That's very good news, because research has already revealed how to alter people's metabolisms for the better.

Dr. Bredesen's program draws on cutting edge nutrition/health research and takes the best-researched pages from the holistic health and Paleo diet playbooks.

Each patient followed a slightly different regimen, but these lists capture the key elements:

  • Meditation
  • Optimal sleep
  • Aerobic exercise
  • Far fewer grains
  • More vegetables, fruits, and wild fish*
  • No simple (white) carbohydrates (white flour goods; potatoes)
  • More antioxidant-rich foods (berries, cocoa, coffee, tea, colorful veggies, greens)
  • More fat – increase the proportion of daily calories from fat and reduce the proportion from carbs. This shift induces ketogenesis**, which reduces body fat, inflammation, and insulin levels.
*We suspect that Dr. Bredesen specified wild fish because he knows that farmed fish are much lower in omega-3s versus their wild counterparts (except farmed salmon, which equals or exceeds wild salmon's omega-3 content), and that all farmed fish are higher in pro-inflammatory omega-6 fats.
**Ketogenic diets shift your body from burning carbs to burning fats. A ketogenic diet derives half of calories or more from beneficial fats ... a proportion you can achieve by cutting back on carbs in favor of foods such as fish, grass-fed meat and dairy, eggs, olive oil, coconut oil, avocado, and raw nuts. If you have a serious health condition, it's smart to consult a physician before you raise your fat intake over 40 percent of calories.

Blood markers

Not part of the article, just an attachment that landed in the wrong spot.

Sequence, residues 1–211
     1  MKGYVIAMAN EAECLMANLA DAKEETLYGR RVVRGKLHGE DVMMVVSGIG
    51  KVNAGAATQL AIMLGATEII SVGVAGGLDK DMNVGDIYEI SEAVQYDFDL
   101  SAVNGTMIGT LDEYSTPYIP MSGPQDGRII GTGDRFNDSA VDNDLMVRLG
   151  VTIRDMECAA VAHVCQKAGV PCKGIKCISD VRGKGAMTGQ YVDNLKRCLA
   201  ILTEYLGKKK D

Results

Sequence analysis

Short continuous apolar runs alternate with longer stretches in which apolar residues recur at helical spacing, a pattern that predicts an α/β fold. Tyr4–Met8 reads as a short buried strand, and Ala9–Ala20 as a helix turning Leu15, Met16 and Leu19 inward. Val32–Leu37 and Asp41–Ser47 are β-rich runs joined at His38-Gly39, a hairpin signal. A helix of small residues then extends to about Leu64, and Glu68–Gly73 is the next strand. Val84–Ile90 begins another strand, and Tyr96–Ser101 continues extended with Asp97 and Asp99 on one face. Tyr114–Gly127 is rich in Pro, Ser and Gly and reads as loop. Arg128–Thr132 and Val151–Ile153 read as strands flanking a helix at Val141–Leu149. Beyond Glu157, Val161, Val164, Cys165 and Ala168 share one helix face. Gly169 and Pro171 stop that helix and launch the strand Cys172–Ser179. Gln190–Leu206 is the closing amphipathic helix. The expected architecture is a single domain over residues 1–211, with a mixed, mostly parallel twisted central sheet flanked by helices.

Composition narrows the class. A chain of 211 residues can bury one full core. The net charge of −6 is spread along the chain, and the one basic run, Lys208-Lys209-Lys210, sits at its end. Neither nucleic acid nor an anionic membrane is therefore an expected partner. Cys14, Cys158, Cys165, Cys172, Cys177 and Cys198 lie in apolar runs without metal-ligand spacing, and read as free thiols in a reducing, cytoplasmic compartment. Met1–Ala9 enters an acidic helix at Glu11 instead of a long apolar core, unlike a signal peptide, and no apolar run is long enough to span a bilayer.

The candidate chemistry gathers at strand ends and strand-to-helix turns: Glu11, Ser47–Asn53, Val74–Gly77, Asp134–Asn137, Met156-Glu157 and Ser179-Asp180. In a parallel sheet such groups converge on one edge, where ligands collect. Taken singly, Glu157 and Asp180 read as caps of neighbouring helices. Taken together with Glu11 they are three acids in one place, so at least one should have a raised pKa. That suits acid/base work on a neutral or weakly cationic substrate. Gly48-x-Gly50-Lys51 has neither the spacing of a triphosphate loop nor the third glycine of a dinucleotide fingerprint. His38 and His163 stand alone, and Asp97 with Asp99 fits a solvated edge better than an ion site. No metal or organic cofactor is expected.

• HgbA1c levels below 5.5
  • Fasting insulin levels below 7
  • Fish oil*
  • Co-Q10
  • Citicoline
  • Selenium
  • Vitamin C
  • Melatonin
  • Vitamin K2
  • B Vitamins (all)
  • Alpha-lipoic acid
  • N-Acetyl cysteine
  • Acetyl‐L‐carnitine
  • Coconut oil - One teaspoon
  • Pyrroloquinoline quinone (PQQ)
  • Mixed tocopherols and Tocotrienols
  • Ashwagandha herb extract 500mg
  • Curcumin (Turmeric extract) 400mg
  • Bacopa monniera herb extract 250mg
  • Vitamin D (2,000-5,00 IU to attain blood levels of 50-100ng/ml)
*Providing 2000mg of omega-3s (DHA plus EPA). 

To this list of supplements one could add other brain-boosting herbs and “nutraceuticals”, such as phosphatidyl serine, acetylcholine, Huperzine A, and Gotu kola (Centella asiatica). 

This is really big news.

We hope that the media trumpets these results, which suggest enormous potential for lifestyle changes to prevent or delay mental decline ... and restore brain function in people who are already showing symptoms of decline.

  • Alzheimer's Association. What Is Dementia? Accessed at http://www.alz.org/what-is-dementia.asp 
  • Bredesen DE, John V. Next generation therapeutics for Alzheimer's disease. EMBO Mol Med. 2013 Jun;5(6):795-8. doi: 10.1002/emmm.201202307. Epub 2013 May 23.
  • Bredesen DE. Reversal of cognitive decline: A novel therapeutic program. Aging. September 27, 2014. Accessed at http://www.impactaging.com/papers/v6/n9/abs/100690a.html
  • Farías GA, Guzmán-Martínez L, Delgado C, Maccioni RB. Nutraceuticals: A Novel Concept in Prevention and Treatment of Alzheimer's Disease and Related Disorders. J Alzheimers Dis. 2014 Jun 13. [Epub ahead of print]
  • Mecocci P, Tinarelli C, Schulz RJ, Polidori MC. Nutraceuticals in cognitive impairment and Alzheimer's disease. Front Pharmacol. 2014 Jun 23;5:147. doi: 10.3389/fphar.2014.00147. eCollection 2014. Review. 
  • Ngoungoure VL, Schluesener J, Moundipa PF, Schluesener H. Natural polyphenols binding to amyloid: A broad class of compounds to treat different human amyloid diseases. Mol Nutr Food Res. 2014 Aug 28. doi: 10.1002/mnfr.201400290. [Epub ahead of print]
  • Qian ZM, Ke Y. Huperzine A: Is it an Effective Disease-Modifying Drug for Alzheimer's Disease? Front Aging Neurosci. 2014 Aug 19;6:216. doi: 10.3389/fnagi.2014.00216. eCollection 2014. Review.
  • Rao RV, Descamps O, John V, Bredesen DE. Ayurvedic medicinal plants for Alzheimer's disease: a review. Alzheimers Res Ther. 2012 Jun 29;4(3):22. doi: 10.1186/alzrt125.
  • World Alzheimer Report, 2009, http://www.alz.co.uk/research/files/WorldAlzheimerReport.pdf